Mr. Kaci (Algeria), responding to the question concerning marriage between a non-documented migrant and an Algerian national, said that foreigners were not permitted to marry in Algeria unless their immigration status was legal. Hence, marrying an Algerian would not enable a non-documented migrant to regularize his or her situation.
Mr. Saadi (Algeria) said that his capital had just confirmed that article 42 of the Finance Act had nothing to do with property owned by migrant workers in Algeria. It concerned property owned, for example, by companies operating in Algeria that had been vacated or abandoned. The Finance Act provided that such properties could be claimed by the State.
Mr. Jazaïry (Algeria) said that, while his Government might not have achieved perfect implementation of the Convention, it was firmly committed to ensuring respect for the human rights of all persons residing in Algeria, whether they were nationals or foreigners. It was to be hoped that Algerians working and living abroad would be treated as well as foreign nationals in Algeria and that other countries — particularly certain Western countries where Algerian migrants had been subjected to considerable discrimination — would ratify the Convention and adhere as strictly to its provisions as his Government did.
Ms. Poussi Konsimbo (Country Rapporteur) observed that Algeria was a country of origin, transit and destination for migrants and that the issue of migration was therefore relevant to it from several standpoints. It was clear that the Government had made substantial efforts to bring its laws into line with the Convention. She believed that its dialogue with the Committee would enable it to enhance both its legislation and its practices in respect of migrant workers and the protection of their rights. Several issues warranted particular attention by the State party. One was the proliferation of migrant-smuggling networks in the Sahara region. The State party should redouble its efforts to curb that phenomenon. It should also strive to improve its systems for the collection of data on migrants and on victims of trafficking. In that connection, the proposal for the creation of an observatory of migratory flows in the Mediterranean region should be pursued. Lastly, the State party should intensify its efforts to inform migrant workers in Algeria and Algerian migrants working abroad of their rights under the Convention and under Algerian law.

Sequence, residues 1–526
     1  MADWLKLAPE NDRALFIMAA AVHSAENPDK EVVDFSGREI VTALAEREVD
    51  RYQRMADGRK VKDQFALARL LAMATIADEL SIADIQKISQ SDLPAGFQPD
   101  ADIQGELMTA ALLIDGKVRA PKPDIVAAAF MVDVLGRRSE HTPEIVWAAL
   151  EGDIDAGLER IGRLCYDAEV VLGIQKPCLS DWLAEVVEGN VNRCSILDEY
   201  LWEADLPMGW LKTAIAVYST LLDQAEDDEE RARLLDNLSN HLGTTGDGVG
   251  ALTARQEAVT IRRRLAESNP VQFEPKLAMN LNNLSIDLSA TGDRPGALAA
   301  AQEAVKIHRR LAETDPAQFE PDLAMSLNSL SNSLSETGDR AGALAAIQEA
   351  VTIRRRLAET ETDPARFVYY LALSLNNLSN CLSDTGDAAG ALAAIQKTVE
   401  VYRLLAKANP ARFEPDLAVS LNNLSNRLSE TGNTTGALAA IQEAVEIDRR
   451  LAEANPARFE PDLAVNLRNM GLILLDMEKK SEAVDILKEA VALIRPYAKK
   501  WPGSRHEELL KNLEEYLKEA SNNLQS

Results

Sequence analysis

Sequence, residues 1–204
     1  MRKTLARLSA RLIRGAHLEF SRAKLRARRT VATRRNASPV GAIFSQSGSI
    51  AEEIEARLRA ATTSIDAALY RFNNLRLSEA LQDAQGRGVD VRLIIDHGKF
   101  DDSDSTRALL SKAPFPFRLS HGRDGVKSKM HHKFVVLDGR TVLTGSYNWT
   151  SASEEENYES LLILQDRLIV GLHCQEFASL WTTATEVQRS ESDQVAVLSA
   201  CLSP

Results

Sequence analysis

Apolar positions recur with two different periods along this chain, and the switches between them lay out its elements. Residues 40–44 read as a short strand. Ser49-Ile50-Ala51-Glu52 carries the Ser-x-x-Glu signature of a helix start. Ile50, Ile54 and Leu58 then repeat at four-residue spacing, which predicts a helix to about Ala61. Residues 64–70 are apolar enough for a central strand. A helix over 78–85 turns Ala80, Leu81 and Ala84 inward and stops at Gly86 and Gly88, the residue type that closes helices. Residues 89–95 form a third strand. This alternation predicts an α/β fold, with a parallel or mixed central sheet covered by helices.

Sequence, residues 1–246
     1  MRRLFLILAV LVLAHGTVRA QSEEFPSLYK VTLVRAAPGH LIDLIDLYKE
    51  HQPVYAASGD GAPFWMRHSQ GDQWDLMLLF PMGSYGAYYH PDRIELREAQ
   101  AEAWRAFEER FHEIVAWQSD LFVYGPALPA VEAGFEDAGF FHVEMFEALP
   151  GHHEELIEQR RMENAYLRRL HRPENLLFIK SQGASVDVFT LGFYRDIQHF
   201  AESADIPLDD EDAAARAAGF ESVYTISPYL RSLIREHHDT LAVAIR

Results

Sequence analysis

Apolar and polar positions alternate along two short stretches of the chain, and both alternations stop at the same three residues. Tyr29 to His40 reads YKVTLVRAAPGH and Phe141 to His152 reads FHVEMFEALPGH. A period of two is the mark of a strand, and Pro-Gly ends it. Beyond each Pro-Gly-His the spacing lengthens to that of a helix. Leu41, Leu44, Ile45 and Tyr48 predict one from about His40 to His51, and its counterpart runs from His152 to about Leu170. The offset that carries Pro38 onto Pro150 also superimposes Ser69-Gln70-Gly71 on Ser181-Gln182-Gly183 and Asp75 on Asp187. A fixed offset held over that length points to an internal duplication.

The Chairperson said that the Committee had thus concluded its consideration of the State party’s initial report. He thanked the delegation for its written replies to the Committee’s list of issues and for the additional clarifications provided in the course of the dialogue, particularly the information on how the Convention and Algerian legislation relating to migrant workers were being applied in practice. The dialogue had highlighted both the State party’s successes in implementing the Convention and the challenges that it still faced. It had also underscored the importance of Algeria’s role in regional cooperation on migration issues. Such cooperation was essential because no State could manage migratory flows entirely on its own. He encouraged the State party to promote the Convention in regional and international forums, especially among countries that received Algerian migrant workers.
The public part of the meeting rose at 12.35 p.m .